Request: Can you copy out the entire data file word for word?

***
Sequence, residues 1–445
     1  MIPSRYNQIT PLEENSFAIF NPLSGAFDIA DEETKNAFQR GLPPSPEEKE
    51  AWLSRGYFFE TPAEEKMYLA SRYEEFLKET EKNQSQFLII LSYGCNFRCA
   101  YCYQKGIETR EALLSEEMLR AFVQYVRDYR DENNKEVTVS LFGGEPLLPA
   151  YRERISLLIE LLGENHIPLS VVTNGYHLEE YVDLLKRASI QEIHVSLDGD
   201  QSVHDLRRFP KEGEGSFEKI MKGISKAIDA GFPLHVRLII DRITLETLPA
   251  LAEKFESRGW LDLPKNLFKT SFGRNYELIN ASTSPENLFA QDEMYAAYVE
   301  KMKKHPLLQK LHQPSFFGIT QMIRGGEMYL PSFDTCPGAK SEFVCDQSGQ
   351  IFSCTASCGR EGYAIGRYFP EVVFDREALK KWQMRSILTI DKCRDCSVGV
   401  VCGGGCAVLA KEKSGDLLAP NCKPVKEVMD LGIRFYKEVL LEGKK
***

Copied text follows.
Sequence, residues 1–445
     1  MIPSRYNQIT PLEENSFAIF NPLSGAFDIA DEETKNAFQR GLPPSPEEKE
    51  AWLSRGYFFE TPAEEKMYLA SRYEEFLKET EKNQSQFLII LSYGCNFRCA
   101  YCYQKGIETR EALLSEEMLR AFVQYVRDYR DENNKEVTVS LFGGEPLLPA
   151  YRERISLLIE LLGENHIPLS VVTNGYHLEE YVDLLKRASI QEIHVSLDGD
   201  QSVHDLRRFP KEGEGSFEKI MKGISKAIDA GFPLHVRLII DRITLETLPA
   251  LAEKFESRGW LDLPKNLFKT SFGRNYELIN ASTSPENLFA QDEMYAAYVE
   301  KMKKHPLLQK LHQPSFFGIT QMIRGGEMYL PSFDTCPGAK SEFVCDQSGQ
   351  IFSCTASCGR EGYAIGRYFP EVVFDREALK KWQMRSILTI DKCRDCSVGV
   401  VCGGGCAVLA KEKSGDLLAP NCKPVKEVMD LGIRFYKEVL LEGKK